General Motors of Canada Ltd. plans to add as many as 100 engineers to its engineering centre in Oshawa, Ont., as it beefs up research and development of green technologies and connected vehicles.
The size of the engineering staff at the centre is being increased by 50 per cent to 300.
"We are making this investment because we see an opportunity to take advantage of a wealth of talent in mobile technologies, software and advanced automotive engineering available in Canada's leading universities and other partner organizations," GM Canada president Stephen Carlisle said in a statement Tuesday.
The new initiative for the research centre comes as General Motors Co. and its rivals race to develop more high-tech options on the way to the self-driving car.
Environmentally friendly technologies such as electric vehicles, as well as processes and products that reduce the weight of vehicles and make them more aerodynamic, are also critical as more stringent emission and fuel-economy guidelines come into force later this decade.
Among the technologies GM has said it will offer on 2017 model year Cadillacs, for example, are vehicle-to-vehicle communications and a feature called Super Cruise that will allow a vehicle to control its own braking and speed in some highway driving scenarios.
A GM Canada media advisory said one of the speakers at the event will be Amir Khajepour, a University of Waterloo engineering professor who holds the Canada Research Chair at the university.
Ontario Economic Development Minister Brad Duguid is also scheduled to speak.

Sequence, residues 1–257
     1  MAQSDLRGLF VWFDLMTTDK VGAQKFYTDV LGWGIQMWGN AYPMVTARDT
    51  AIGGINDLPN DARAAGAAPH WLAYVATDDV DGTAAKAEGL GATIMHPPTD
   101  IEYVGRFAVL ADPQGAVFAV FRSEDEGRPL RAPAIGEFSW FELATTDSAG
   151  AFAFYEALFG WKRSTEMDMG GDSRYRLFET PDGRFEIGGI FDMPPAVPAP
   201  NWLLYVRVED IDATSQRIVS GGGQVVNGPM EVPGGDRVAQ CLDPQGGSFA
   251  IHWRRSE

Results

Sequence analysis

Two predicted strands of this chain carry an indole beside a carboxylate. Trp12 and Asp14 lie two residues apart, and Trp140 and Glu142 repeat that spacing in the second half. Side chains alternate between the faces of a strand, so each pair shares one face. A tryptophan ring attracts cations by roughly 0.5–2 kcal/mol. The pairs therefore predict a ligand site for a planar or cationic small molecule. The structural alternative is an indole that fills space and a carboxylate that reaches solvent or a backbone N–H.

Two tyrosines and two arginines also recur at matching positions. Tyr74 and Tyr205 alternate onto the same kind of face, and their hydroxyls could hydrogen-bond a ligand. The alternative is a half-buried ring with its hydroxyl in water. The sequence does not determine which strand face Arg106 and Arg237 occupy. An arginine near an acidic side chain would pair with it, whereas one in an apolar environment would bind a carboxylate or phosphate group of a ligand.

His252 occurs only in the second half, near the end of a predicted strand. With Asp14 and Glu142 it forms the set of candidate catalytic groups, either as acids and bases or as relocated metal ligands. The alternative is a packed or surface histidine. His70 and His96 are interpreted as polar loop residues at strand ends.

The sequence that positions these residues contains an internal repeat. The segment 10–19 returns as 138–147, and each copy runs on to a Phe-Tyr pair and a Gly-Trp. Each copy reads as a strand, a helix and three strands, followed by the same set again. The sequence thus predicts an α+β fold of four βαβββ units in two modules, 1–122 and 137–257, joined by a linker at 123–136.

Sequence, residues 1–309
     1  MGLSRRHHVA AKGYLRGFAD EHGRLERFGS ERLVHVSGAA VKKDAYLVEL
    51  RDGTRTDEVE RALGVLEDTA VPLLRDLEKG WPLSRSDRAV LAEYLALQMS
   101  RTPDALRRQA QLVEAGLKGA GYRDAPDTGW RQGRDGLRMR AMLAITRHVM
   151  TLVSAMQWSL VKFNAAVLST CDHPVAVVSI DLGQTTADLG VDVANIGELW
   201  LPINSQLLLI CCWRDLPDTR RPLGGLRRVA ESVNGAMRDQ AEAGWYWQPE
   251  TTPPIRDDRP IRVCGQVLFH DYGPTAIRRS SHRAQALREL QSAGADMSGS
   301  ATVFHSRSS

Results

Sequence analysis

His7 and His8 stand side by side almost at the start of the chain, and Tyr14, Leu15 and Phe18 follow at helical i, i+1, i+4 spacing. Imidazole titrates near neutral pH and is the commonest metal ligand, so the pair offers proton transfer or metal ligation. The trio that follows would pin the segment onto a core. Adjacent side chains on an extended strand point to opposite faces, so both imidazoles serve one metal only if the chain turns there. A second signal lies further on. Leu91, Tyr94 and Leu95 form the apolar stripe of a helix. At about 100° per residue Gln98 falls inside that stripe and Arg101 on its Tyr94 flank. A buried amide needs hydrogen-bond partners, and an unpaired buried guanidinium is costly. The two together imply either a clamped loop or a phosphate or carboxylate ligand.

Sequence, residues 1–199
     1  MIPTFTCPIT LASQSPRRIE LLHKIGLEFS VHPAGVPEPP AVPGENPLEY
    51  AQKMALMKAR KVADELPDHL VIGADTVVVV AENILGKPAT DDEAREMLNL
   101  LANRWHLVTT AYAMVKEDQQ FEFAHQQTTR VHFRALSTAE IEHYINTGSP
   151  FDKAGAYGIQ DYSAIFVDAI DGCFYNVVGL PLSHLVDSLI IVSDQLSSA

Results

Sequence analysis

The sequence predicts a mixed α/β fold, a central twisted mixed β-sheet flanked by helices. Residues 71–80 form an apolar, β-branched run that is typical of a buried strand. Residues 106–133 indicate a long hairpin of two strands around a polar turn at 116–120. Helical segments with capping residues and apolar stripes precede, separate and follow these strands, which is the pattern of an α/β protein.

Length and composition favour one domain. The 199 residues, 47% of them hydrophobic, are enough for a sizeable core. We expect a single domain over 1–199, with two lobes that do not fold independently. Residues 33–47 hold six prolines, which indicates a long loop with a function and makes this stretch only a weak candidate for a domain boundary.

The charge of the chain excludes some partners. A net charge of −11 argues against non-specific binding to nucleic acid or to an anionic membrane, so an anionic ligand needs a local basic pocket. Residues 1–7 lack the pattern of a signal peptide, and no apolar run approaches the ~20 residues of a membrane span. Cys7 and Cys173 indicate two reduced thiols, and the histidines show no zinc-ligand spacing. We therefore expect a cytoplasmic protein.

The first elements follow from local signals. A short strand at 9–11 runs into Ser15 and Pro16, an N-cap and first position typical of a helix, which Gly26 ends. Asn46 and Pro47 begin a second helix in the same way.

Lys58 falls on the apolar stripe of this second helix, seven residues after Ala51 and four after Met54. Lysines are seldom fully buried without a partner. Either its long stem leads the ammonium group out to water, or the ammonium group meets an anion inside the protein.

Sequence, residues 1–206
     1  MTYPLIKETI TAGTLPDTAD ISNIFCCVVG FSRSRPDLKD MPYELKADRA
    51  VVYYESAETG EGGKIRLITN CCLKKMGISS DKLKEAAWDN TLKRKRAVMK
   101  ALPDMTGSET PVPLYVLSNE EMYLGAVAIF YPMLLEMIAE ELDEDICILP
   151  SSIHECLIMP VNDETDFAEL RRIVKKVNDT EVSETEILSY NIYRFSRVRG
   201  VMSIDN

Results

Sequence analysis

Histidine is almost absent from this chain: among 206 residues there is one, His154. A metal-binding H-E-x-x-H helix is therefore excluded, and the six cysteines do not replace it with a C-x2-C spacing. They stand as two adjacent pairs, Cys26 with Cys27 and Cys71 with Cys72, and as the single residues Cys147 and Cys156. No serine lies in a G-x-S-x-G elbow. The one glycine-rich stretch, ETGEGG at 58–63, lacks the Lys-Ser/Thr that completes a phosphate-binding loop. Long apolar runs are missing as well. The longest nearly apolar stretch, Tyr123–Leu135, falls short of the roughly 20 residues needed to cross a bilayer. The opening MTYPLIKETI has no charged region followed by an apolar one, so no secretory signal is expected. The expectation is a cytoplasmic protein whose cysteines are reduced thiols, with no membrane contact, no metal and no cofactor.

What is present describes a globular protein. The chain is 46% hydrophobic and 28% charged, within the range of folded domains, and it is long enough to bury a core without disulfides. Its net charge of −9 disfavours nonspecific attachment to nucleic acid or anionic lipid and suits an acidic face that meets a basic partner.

Representatives from McMaster University, University of Western Ontario, McGill University and the University of Ontario Institute of Technology are also scheduled to attend.
A GM Canada spokesman would not comment on the event beyond what is in the media advisory.
"We are not doing this for the sake of the technology itself. We're doing it because it's what customers around the world want," GM chief executive officer Mary Barra said last summer when announcing the new advanced technology features that will be available on Cadillac models.
GM Canada said in 2012 that it would invest $750-million on research and development through 2017 as part of a commitment it made to the federal and Ontario governments in return for a $10.8-billion contribution to the bailout of its parent company when GM went into Chapter 11 bankruptcy protection in 2009.
The focus of the research and development was to be on electronic controls of mechanical components – which is Prof. Khajepour's specialty at the University of Waterloo – as well as environmental vehicles and lightweight materials, GM Canada said in its 2012 announcement.